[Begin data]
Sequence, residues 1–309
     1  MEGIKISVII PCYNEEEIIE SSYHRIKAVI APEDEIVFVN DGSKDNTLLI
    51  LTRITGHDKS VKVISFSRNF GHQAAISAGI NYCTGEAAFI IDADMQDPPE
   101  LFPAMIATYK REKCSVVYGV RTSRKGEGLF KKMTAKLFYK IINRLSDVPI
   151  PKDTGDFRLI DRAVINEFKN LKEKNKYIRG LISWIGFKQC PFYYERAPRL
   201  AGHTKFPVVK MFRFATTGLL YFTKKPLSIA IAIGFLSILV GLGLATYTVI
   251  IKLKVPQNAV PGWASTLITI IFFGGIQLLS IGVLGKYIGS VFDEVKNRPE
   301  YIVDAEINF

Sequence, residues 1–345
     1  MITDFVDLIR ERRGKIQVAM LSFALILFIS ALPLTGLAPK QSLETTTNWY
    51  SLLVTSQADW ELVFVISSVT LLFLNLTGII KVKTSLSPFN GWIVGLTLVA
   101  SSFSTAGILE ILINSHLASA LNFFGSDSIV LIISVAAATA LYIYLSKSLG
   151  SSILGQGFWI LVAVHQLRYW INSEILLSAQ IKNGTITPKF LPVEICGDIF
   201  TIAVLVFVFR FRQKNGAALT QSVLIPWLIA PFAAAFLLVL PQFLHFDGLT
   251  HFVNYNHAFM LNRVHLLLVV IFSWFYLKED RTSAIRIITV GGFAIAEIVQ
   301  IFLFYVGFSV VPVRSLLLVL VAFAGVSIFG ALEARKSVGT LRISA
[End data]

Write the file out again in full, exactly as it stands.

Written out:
Sequence, residues 1–309
     1  MEGIKISVII PCYNEEEIIE SSYHRIKAVI APEDEIVFVN DGSKDNTLLI
    51  LTRITGHDKS VKVISFSRNF GHQAAISAGI NYCTGEAAFI IDADMQDPPE
   101  LFPAMIATYK REKCSVVYGV RTSRKGEGLF KKMTAKLFYK IINRLSDVPI
   151  PKDTGDFRLI DRAVINEFKN LKEKNKYIRG LISWIGFKQC PFYYERAPRL
   201  AGHTKFPVVK MFRFATTGLL YFTKKPLSIA IAIGFLSILV GLGLATYTVI
   251  IKLKVPQNAV PGWASTLITI IFFGGIQLLS IGVLGKYIGS VFDEVKNRPE
   301  YIVDAEINF

Sequence, residues 1–345
     1  MITDFVDLIR ERRGKIQVAM LSFALILFIS ALPLTGLAPK QSLETTTNWY
    51  SLLVTSQADW ELVFVISSVT LLFLNLTGII KVKTSLSPFN GWIVGLTLVA
   101  SSFSTAGILE ILINSHLASA LNFFGSDSIV LIISVAAATA LYIYLSKSLG
   151  SSILGQGFWI LVAVHQLRYW INSEILLSAQ IKNGTITPKF LPVEICGDIF
   201  TIAVLVFVFR FRQKNGAALT QSVLIPWLIA PFAAAFLLVL PQFLHFDGLT
   251  HFVNYNHAFM LNRVHLLLVV IFSWFYLKED RTSAIRIITV GGFAIAEIVQ
   301  IFLFYVGFSV VPVRSLLLVL VAFAGVSIFG ALEARKSVGT LRISA